FORT MEADE, Md. (WJZ) — There are new accusations against the Army private charged with leaking classified government documents. Now, the military reveals it believes Bradley Manning aided terrorists with his actions.
Weijia Jiang reports.READ MORE: Fallout After Baltimore County Police Union Votes "No Confidence" In Chief Melissa Hyatt
Pfc. Bradley Manning faces 22 charges including aiding the “enemy.” His defense lawyer asked exactly who that was. Without hesitation, the military judge answered: al-Qaida.
A security detail escorted Manning into a military courthouse Thursday as he took one step closer to a trial.
The 24-year-old Army private is accused of spilling hundreds of thousands of secret documents to WikiLeaks and faces nearly two dozen charges, including aiding al-Qaida.
“Manning went out on his own conscience said, ‘Hey, this is what’s up. I think people need to know the truth. I did this so people know the truth,'” Owen Wiltshire, a member of a Bradley Manning support network, said. “And he’s being persecuted by the government.”READ MORE: Maryland Offers "Full Support" After 14 Children, 1 Teacher Killed In Texas Elementary School Shooting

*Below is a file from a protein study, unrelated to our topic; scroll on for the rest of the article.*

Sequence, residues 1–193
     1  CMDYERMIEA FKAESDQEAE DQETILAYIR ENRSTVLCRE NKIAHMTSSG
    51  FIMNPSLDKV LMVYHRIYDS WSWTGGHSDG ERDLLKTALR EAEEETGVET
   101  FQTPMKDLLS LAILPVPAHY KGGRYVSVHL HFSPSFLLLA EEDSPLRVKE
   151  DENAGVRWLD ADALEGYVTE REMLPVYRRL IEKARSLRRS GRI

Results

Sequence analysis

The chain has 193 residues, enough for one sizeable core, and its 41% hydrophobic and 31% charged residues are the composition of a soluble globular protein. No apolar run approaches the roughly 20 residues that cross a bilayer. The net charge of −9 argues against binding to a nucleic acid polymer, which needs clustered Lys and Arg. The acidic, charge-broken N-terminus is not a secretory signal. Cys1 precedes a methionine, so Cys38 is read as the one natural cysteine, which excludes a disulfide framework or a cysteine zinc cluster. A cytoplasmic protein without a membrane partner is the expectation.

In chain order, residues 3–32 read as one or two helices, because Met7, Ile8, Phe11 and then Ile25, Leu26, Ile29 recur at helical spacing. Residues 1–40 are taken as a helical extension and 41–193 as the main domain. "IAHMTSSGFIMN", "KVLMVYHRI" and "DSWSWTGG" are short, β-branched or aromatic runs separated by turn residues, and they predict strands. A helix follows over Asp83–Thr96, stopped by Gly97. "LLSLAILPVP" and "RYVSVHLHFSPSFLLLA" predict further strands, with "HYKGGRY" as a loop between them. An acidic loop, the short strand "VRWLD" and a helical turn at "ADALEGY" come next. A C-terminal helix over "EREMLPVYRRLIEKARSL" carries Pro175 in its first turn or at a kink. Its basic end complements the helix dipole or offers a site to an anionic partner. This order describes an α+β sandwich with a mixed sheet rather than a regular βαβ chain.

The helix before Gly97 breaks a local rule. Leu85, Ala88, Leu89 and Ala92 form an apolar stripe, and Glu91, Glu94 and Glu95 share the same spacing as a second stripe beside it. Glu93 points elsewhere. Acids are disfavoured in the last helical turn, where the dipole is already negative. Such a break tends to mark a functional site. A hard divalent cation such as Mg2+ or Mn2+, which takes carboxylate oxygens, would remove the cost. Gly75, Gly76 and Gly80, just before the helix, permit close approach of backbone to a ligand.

Wiltshire held a vigil outside Fort Meade. Inside, Manning faced a judge during a motions hearing. His lawyer requested to see more evidence to receive more details about the charges and to compel potential witnesses to give depositions.
Then, he asked the case be dismissed altogether claiming the Feds failed to turn over documents.
But the government says Manning released a classified military video of an American attack in Iraq that killed 11 and state department records with candid remarks about world leaders.
If he’s found guilty, he could spend the rest of his life in prison.
Protesters promise to keep fighting.
“I and all these people here consider him a real hero,” another Manning supporter said.MORE NEWS: 14 Students, 1 Teacher Killed In Shooting At Texas Elementary School, Governor Says
The hearing is expected to wrap up on Friday. Then, the judge will set the trial date.